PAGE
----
London mayor joins Dagenham and Rainham MP in calling for Bexley incinerator plans to be scrapped
PUBLISHED: 07:00 23 May 2019
The mayor of London has called on the government to stop permitting the building of a waste incinerator in Bexley following a Havering MP's campaign to get the plans rejected.
Jon Cruddas has been campaigning against proposals to build a waste incineration plant across the Thames from Rainham in Bexley.
This week Sadiq Khan joined Mr Cruddas in expressing the view that burning waste has a negative impact on London's air quality.
He outlined his opposition in a report to secretary of state for business, Greg Clark.
"London's air is a toxic air health crisis and the last thing we need, in our modern green global city is another harmful waste-burning incinerator polluting our city," said Mr Khan.
"Emissions from incinerators are bad for our health, bad for our environment and bad for our planet.
"Instead of granting permission for an unnecessary new incinerator that will raise pollution levels in the boroughs of Bexley and Havering, the government should focus on boosting recycling rates, reducing the scourge of plastic waste and tackling our lethal air."
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Mr Cruddas is calling on residents to sign his petition against the proposals which he will present to the secretary of state for business later in the year.
He said: "I can't stress enough how important this is, residents are always telling me how they feel Rainham gets the raw end of the deal time after time.
"Over the years Rainham and South Hornchurch have taken the brunt of environmentally damaging policies such as extended landfill and mineral extraction.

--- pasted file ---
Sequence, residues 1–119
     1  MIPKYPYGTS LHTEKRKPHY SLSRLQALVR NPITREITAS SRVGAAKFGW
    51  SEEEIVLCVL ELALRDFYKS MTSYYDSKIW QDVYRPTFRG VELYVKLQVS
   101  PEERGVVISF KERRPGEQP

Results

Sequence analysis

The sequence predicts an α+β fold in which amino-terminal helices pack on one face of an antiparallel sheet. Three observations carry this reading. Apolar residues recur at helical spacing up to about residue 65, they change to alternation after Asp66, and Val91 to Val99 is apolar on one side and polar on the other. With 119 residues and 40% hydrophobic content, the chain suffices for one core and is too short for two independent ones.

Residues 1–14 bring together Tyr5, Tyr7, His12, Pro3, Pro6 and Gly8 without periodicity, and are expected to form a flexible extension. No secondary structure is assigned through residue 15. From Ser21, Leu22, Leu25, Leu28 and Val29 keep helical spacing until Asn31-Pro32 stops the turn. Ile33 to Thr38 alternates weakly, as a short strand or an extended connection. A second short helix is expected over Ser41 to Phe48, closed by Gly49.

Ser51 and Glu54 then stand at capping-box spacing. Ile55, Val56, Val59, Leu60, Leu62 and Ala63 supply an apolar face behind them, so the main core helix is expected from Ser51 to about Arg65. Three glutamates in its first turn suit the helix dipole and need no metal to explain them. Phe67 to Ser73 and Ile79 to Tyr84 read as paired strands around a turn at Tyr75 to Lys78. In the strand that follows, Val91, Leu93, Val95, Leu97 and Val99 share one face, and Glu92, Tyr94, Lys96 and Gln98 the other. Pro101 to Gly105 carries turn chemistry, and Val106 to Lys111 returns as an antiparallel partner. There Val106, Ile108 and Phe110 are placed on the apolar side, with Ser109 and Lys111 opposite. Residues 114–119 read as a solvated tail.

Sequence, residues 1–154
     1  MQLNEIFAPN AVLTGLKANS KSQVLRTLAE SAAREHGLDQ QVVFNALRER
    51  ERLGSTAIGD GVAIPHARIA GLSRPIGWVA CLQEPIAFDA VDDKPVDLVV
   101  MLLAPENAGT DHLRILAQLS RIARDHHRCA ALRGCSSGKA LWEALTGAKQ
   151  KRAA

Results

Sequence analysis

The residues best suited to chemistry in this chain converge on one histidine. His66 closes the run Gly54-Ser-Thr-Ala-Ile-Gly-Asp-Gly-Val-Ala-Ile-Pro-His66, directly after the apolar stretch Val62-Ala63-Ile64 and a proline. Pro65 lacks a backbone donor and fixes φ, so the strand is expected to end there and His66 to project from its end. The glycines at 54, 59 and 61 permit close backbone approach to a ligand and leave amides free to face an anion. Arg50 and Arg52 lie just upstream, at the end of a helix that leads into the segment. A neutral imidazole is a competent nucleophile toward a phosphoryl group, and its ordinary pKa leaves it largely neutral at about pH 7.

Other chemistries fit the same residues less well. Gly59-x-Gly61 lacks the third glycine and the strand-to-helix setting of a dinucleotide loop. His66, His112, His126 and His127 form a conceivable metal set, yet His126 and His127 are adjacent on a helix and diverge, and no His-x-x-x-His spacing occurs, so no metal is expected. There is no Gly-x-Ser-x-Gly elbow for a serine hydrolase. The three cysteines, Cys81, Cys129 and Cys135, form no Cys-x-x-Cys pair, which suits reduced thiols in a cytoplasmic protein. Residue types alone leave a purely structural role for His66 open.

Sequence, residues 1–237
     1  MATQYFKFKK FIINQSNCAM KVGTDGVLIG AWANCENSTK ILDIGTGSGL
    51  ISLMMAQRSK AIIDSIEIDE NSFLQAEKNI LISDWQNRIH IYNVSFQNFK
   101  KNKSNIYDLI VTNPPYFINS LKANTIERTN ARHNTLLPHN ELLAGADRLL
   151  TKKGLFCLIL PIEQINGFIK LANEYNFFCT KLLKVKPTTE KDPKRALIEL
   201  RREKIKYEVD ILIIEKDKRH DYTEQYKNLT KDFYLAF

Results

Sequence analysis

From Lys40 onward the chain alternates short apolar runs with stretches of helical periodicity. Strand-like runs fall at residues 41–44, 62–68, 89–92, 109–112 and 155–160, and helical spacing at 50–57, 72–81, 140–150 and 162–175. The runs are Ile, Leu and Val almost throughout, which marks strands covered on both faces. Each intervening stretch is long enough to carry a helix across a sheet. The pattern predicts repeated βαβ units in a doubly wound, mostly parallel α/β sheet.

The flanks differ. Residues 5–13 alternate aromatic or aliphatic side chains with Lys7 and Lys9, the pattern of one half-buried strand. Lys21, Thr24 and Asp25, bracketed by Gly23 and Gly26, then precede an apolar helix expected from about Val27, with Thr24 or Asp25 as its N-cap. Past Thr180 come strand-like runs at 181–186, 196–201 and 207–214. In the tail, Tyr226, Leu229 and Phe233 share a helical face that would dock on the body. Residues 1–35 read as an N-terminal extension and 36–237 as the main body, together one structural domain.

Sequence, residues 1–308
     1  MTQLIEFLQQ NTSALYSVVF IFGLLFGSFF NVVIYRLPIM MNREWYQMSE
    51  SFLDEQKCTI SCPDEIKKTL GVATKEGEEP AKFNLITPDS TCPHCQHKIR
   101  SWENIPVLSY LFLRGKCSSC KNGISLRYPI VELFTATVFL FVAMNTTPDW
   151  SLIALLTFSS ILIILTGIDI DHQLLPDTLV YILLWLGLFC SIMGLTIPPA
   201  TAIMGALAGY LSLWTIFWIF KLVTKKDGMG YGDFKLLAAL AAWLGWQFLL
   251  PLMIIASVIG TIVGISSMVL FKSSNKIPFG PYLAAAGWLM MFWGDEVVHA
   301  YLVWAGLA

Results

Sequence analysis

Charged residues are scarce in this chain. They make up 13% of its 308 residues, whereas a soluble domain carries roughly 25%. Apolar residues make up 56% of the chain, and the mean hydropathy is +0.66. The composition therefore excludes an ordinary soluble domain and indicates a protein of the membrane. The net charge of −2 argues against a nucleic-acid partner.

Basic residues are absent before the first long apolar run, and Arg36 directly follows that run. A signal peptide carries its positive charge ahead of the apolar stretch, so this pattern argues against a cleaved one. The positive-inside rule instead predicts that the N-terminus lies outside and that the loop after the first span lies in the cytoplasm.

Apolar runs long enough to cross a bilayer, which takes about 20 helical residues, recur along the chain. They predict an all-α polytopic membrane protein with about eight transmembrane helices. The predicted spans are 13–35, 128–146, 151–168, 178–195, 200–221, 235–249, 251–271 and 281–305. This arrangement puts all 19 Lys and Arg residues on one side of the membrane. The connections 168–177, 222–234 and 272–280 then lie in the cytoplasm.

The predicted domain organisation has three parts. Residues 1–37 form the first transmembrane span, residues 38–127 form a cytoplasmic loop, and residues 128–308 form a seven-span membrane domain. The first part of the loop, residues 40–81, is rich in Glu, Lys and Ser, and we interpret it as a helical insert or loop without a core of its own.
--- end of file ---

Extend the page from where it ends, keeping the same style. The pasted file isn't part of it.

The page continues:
"It's time to take a stand and say enough is enough."
Dougie Sutherland, chief executive of Cory Riverside Energy, said: "Incinerators are not the problem.
"Over two million tonnes of London's non-recyclable waste is currently sent to landfill or shipped overseas, so there is a capacity gap that urgently needs investment.
"Our proposed Energy Park will play a significant part in addressing this shortfall and will also deliver a sustainable waste management solution for London, increasing renewable, low carbon energy generation and reducing greenhouse gas emissions.
"We will not have any detrimental effect on recycling rates, or the recycling targets set in adopted and emerging policy."
He added: "As part of the application process, we have fully assessed air quality and the results show the proposed Energy Park will not have any significant effect on air quality in any location. We have published the results of these assessments for scrutiny by anybody who is interested, as part of our Development Consent Order application."